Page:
Additionally, the bill would require a sign designating a parking space for persons with disabilities that was erected or placed on or after the bill's effective date to be 12 inches by 18 inches or larger and would have to use the design adopted under Section 102a of the Persons with Disabilities Civil Rights Act (which House Bill 5076 (S-2) would add). The sign could not include the word "handicapped" and could include a word providing instruction, such as "reserved".

 

MCL 257.951 (H.B. 5075)                                                                               

Proposed MCL 37.1102a (H.B. 5076)                                                               

 

BACKGROUND

 

The United States Access Board provides guidance on the use of the ISA under the Americans with Disabilities Act (ADA) and the Architectural Barriers Act (ABA). Accessibility standards issued under the ADA apply nationwide to places of accommodation, commercial facilities, and State and local government facilities. The ADA standards require the use of the ISA to label or provide direction to certain accessible spaces, such as parking spaces, toilet and bathing facilities, and check-out aisles.

 

The original ISA was designed by Susanne Koefoed through a design competition sponsored by Rehabilitation International. The current version is shown in Figure 1. The International Organization for Standardization, an independent, nongovernmental organization that represents over 160 national standard-setting entities that develops voluntary, consensus-based, international standards, adopted the symbol in 1969. 


Figure 1                                                 Figure 2


[Please see the PDF version of this analysis, if available, to view this image.]

 

 

 

 

 

 

 

 

In 2014, New York adopted a "Dynamic Accessibility Symbol" and Connecticut adopted a similar symbol in 2016. The Dynamic Accessibility Symbol, shown in Figure 2, depicts a forward-leaning body that suggests that the individual is in motion.

 

                                                           Legislative Analyst:  Stephen P. Jackson

 

FISCAL IMPACT

 

The bills could have an indeterminate, negative fiscal impact on the State and local units of government.

 

The bills would require the use of a new, updated accessibility symbol for new signage on State and local property where required under law, rule, or ordinance, replacing the existing ISA. The bills also would require the new signage when existing signs were replaced. These requirements would not have a direct fiscal impact on State and local units of government, since signage of the same dimension already would be required.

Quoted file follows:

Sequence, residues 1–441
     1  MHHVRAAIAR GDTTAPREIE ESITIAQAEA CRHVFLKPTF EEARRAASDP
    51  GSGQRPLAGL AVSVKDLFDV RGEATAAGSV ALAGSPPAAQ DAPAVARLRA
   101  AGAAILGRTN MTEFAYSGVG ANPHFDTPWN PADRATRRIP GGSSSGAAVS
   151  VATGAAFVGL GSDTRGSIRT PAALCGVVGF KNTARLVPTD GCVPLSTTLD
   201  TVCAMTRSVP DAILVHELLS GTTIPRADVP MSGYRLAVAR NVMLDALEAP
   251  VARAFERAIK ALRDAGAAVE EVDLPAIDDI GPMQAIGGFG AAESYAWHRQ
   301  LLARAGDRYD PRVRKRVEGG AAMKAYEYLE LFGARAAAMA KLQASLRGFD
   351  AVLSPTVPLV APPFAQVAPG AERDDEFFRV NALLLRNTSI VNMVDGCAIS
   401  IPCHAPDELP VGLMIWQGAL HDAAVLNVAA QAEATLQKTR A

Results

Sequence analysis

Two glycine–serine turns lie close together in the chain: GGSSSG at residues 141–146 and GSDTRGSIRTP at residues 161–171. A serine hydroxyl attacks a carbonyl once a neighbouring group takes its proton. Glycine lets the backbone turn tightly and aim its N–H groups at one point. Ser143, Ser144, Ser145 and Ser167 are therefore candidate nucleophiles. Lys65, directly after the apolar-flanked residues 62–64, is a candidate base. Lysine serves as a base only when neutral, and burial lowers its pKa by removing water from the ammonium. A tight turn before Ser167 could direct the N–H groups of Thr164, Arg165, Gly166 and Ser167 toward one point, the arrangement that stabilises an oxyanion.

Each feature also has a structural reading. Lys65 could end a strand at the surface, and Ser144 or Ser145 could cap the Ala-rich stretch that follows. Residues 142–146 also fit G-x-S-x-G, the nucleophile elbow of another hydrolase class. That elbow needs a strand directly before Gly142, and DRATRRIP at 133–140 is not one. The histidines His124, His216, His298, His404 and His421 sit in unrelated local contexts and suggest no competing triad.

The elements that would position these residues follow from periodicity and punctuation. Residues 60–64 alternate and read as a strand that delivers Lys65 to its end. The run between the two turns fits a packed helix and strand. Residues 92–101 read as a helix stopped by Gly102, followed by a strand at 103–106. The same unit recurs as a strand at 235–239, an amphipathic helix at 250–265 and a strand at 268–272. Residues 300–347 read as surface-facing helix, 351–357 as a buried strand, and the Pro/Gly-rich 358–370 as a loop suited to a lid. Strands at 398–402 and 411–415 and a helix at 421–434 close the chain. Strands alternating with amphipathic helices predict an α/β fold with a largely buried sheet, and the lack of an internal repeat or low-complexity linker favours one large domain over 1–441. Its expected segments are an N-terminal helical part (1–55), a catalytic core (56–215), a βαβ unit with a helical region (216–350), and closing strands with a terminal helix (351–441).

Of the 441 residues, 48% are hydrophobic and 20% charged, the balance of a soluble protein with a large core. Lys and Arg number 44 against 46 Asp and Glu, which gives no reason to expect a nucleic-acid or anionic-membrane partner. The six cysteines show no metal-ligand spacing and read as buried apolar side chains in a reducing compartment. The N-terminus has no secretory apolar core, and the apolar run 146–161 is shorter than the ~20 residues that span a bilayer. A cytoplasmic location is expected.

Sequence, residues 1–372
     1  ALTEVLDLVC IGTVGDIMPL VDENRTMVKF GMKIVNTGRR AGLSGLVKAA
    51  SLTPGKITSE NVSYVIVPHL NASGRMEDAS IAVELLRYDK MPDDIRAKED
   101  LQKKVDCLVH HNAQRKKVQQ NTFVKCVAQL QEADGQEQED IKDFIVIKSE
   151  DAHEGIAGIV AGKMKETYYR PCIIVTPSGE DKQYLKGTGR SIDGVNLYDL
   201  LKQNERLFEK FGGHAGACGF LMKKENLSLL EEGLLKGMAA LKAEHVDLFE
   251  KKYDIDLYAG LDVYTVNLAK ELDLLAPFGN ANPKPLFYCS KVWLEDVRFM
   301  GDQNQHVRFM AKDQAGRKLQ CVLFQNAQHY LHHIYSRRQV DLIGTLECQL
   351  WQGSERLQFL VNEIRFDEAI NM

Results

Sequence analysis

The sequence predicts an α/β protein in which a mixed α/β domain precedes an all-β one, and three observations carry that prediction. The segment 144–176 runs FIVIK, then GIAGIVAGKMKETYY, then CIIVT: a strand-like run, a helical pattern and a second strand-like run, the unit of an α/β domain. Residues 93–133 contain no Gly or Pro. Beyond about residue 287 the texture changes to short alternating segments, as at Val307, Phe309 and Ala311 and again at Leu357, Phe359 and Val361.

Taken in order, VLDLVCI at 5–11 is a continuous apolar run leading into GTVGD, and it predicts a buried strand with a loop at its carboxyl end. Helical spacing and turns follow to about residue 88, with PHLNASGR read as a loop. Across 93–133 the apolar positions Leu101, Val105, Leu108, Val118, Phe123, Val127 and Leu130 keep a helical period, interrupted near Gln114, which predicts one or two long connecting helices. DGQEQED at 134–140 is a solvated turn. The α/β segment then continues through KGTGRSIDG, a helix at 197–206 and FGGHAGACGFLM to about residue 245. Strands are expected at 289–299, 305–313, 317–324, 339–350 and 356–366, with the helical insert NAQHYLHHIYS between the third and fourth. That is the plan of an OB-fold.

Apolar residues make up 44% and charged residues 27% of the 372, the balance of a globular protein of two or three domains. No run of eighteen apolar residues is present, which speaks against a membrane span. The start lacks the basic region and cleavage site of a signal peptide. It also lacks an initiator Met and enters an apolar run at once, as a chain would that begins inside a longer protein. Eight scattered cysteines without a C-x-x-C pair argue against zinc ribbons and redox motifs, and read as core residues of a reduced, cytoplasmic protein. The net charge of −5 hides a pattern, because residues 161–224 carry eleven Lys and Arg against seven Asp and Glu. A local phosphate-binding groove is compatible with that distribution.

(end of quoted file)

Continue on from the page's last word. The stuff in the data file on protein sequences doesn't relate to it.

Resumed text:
The new symbol identified in the bills has not been approved by the United States Access Board, which stated the following in an official guidance document in March 2017: "the ISA must be used even where a state or local code or regulation specifies a different symbol". Currently, use of the ISA is required under the ADA and the ABA. A substitute symbol for the ISA, such as the symbol identified in the bills, is permitted under the ADA if it satisfies an "equivalent facilitation" provision and under the ABA if a waiver were issued by the agencies that are required to implement ABA standards (such as the US Postal Service, for example).

 

For Michigan, State and local compliance with the bill's requirements would mean noncompliance with Federal regulations. Despite consideration and rejection of the new symbol by Federal agencies, the State of New York adopted the new accessibility symbol identified in the bills in 2014, and Connecticut adopted it in 2017. A cursory search of the implementation of those laws in those states did not reveal litigation costs or expenses because of noncompliance with Federal regulations.

 

                                                                      Fiscal Analyst:  Michael Siracuse

 

 

This analysis was prepared by nonpartisan Senate staff for use by the Senate in its deliberations and does not constitute an official statement of legislative intent.